Although SketchUp mainly excels in the creation of geometric 3D models, it's also possible to create more organic shapes, and there are several tools available to do this.
Before creating more complex shapes, however, it's necessary to analyze objects, breaking them down into their basic components. One of the simplest and most effective tools for the creation of organic solids is the SketchUp's Follow Me tool.
The Follow Me tool is used in the creation process of a variety of different shapes, such as bottles, spindles and spheres. These are all lathed forms where a flat two-dimensional profile shape will be rotated around a central vertical or horizontal axis. Other examples are pipes, gutters or moldings, which would be created via the extrusion of a similar profile along a linear or curved path. Chamfers, fillets and dados can also be created using the Follow Me tool along a cutaway profile. So we see that almost any shape may be used as cross-sectional profile for the Follow Me tool to use as a path. Other examples would be guttering, skirting boards, picture rails, cornice moldings, and circular pendants.
The best way to observe the advantages of this tool is to create a simple profile and path. For example, should we wish to create some piping as in the image featured here, we would draw a path using SketchUp's Line tool. We would then add a flat circle at the base of the path. Note that it's best if the profile is perpendicular to, and joined onto the end of, the path. Next we select the path first, then the Follow Me tool. There is no keyboard shortcut for this tool, but it can also be accessed in the top Tools drop-down menu. And the final step is click on the circle, whereupon the 3D object is created.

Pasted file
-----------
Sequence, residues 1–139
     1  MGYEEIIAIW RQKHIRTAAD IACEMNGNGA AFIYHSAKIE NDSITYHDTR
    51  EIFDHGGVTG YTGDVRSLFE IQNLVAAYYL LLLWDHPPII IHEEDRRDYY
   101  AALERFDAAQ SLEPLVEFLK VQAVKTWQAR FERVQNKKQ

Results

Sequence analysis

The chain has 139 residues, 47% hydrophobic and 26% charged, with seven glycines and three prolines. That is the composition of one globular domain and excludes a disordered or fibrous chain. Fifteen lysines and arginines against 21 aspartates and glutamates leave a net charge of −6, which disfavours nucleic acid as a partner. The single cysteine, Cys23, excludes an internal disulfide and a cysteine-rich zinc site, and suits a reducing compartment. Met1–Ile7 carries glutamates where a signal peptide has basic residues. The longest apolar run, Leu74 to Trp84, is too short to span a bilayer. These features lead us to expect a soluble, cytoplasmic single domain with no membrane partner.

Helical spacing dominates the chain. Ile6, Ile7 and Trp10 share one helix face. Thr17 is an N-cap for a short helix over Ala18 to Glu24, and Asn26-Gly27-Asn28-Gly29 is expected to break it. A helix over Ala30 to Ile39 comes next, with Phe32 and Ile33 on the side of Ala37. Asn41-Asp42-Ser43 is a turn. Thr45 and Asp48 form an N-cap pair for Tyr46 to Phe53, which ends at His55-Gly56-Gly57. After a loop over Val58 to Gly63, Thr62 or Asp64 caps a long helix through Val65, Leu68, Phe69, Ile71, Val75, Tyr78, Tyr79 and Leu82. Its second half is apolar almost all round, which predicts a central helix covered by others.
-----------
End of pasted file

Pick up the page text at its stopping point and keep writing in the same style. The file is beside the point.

Another example would be the creation of a sphere by first creating a circle. Note that it's possible to increase the number of sides making up the circle by then typing something like 20, thus producing a smoother result. We would then select the circle face, rotating and copying at the same time. We now have two circles perpendicular to each other. The same procedure is now followed: select the first circle, the Follow Me tool, and the other circle to create the spherical object.
A bottle shape is created by using the Line tool to create a bottle profile onto an upright rectangle. We then use the Arc tool to fillet the corners and the Eraser tool to clean up any extra lines. The next step is to create a circle under the profile - again it's at right angles to the upright profile. It's then a simple matter to select the circle, the Follow Me tool, and the bottle profile to create the 3D bottle shape.
In the same manner we could also create handrails, gutters and moldings using a path with the Line tool and a shape as a profile. Yet another application for the Follow Me tool is in the creation of complex roofs.
Tom Gillan has been training sketchup courses to corporate clients in Sydney for seven years. If you like to know more about sketchup, visit Design Workshop Sydney for more information.